Redeeming Horror

How the Genre Can Be Tamed and Reclaimed for Good

Unofficially, October is horror season. I took an informal poll among friends the other day about it, and most of the responses I got were of the “No, thanks” variety. This isn’t so surprising, since most of my survey group identifies as Christian and skews toward the Boomer end of the spectrum. I don’t gravitate toward the genre myself, but plenty of others do. Variety magazine reported that box office receipts for it surpassed the $1 billion mark in 2017. And, so, since it has its fans, I want to ask that we not eschew it too quickly.

First, a personal story. About a year ago, I got to talking with a young friend, a Gen Z-er, about horror movies. He’s a big fan, you might say an aficionado, and he invited me to watch one with him, because, he said, he wanted to hear what I thought of it. “Okay, sure, I’m game,” I said. “Only no slashers. I’m not into gratuitous blood, guts, or gore.”

About a week later, we watched Hereditary, a 2018 blockbuster about, at the risk of oversimplifying it, deceased family members haunting their survivors. I didn’t exactly “enjoy” the flick (horror is still not my cup of tea), but I did very much enjoy the conversation we had afterward. We talked about whether there might be life after death. We talked about good and evil and whether there might be unseen spiritual realities in the world. These themes literally drove the storyline and pervaded nearly every scene. He’d said he wanted to hear my thoughts, so I gave them to him unfiltered – all from the perspective of my politically incorrect, Judeo-Christian-informed worldview. He listened, pushing back here or there, but in a friendly back-and-forth kind of way, and we’ve talked further about these matters since. None of this would have happened if I had said, “No, thanks. I don’t do horror.”

One thing that can be said for horror is that it openly defies stifling materialist presuppositions. Its themes are often psychological or spiritual in nature, and this can provide ripe ground for exploring deep, existential questions about reality. Here are two examples of Christian thinkers who have taken that approach. They are both worth reading in full, but here’s the gist of what they wrote:

American Nightmare: Hew Hit TV Series Is Haunted by Infidelity and Abortion: In this article from the Salvo archives, literature professor Karen Swallow Prior analyzes Season 1 of FX’s American Horror Story. Its storyline centers on a house and the people who inhabit it over time. The theme of Season One, according to the creators, was infidelity, which they called “the monster in the closet” that “can destroy and haunt you.” Sexual infidelity unites the storylines of all the major characters, Prior notes, who are inescapably haunted, if not imprisoned, by the consequences of their own guilty acts. The narrative also touches on another “monster” related to infidelity in that the original owner of the house was an abortionist, and the house is said to be haunted by babies who died under his roof.

In The Haunting of Hill House, pastor and teacher Anthony Weber takes a look at Netflix’s The Haunting of Hill House, which also centers on a house. In this case, the unifying theme is a pervasive hunger or emptiness, which hangs over everything like a pall and which various characters try to fill with either money or alcohol or drugs or something else, taking no thought for the trail of broken people they leave in the wake of their insatiable drives.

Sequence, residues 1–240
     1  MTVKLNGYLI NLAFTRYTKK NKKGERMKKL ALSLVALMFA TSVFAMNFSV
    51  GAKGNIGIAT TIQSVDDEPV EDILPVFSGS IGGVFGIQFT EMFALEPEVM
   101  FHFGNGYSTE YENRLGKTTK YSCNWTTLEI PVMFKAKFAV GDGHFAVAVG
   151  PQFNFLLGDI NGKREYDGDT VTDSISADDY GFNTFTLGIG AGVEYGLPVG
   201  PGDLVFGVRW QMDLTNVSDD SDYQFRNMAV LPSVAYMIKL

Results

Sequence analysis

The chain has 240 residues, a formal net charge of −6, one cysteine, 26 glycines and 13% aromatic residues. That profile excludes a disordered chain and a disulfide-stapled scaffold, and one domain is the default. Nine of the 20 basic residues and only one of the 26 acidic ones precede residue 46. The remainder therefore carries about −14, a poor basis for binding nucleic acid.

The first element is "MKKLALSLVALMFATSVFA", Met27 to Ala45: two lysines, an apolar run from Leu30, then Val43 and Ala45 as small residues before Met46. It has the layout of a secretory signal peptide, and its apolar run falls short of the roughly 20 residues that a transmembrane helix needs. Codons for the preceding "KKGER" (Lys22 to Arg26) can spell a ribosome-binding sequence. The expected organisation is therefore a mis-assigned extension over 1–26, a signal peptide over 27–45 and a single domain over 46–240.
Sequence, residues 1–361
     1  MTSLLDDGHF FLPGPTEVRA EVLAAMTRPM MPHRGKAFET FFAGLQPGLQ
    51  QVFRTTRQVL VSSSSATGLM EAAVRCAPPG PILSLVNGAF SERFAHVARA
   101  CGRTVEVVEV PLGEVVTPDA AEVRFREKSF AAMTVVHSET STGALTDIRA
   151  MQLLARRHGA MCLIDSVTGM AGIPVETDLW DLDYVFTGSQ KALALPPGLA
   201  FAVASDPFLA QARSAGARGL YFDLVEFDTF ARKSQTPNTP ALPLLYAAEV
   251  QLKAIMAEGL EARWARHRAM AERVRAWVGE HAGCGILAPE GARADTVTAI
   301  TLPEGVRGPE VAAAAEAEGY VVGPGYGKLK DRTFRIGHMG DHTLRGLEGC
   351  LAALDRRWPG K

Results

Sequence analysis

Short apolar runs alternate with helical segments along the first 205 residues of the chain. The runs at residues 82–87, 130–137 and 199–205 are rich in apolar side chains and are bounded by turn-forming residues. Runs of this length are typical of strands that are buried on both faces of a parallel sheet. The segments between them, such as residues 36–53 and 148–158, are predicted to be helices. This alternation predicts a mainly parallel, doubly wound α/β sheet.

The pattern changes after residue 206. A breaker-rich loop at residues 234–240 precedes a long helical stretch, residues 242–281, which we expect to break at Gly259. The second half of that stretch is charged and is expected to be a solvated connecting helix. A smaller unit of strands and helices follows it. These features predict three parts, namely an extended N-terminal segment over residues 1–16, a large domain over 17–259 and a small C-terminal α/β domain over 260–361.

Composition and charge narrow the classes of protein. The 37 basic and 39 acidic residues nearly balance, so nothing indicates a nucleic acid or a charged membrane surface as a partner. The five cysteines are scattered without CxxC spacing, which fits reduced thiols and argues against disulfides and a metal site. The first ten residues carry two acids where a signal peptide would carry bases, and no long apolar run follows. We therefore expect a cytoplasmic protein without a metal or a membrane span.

Both Prior and Weber note that there are troublesome elements in these shows, but what I hope you’ll see is that within the narratives of these stories lie discernible truths about reality. Moreover, they raise major existential questions for which Christianity offers real answers. While secular psychology has nearly redefined guilt out of existence, Christianity has for millennia been saying that not only is guilt real but that there is a remedy for it. And while pop culture pushes the message that, “You are enough,” Netflix serves up a dramatic depiction of what Blaise Pascal observed more than three centuries ago – that there is a “God-shaped vacuum in the heart of each man which cannot be satisfied by any created thing.”

To be sure, these biblically resonant themes aren’t stated overtly. They’re just there, waiting for someone to identify them, draw them out, and provide a wider context into which they can be placed.

That’s where you and I come in, and here’s a tailor-made opportunity. Christian filmmakers Brian Ivie, producer of The Drop Box (2015) and Emanuel (2019), and Steven Siwek of Glory Unlimited, have teamed up to make a short (six minutes) thriller with the express purpose of opening up spaces for engaging in this kind of conversation. Cinematically, Flesh & Blood is spot-on horror. There’s suspense. There’s ambiguity. It draws you in and raises questions but doesn’t answer them. And that is the objective. To make it even easier for the horror averse, Siwek has written a short discussion guide for youth leaders or parents to help spark conversations. They’re releasing it all, free, on Halloween.

Historically, we’ve thought of Christian missionaries as those who go to where unreached people are geographically. Here’s an opportunity to go to where they are conceptually. If you know someone who’s a horror fan, look at what Dr. Prior and Pastor Weber did, and then consider going and doing likewise. Click here to check out Flesh & Blood when it goes live on Halloween.

 is Deputy Editor of Salvo and writes on apologetics and matters of faith.

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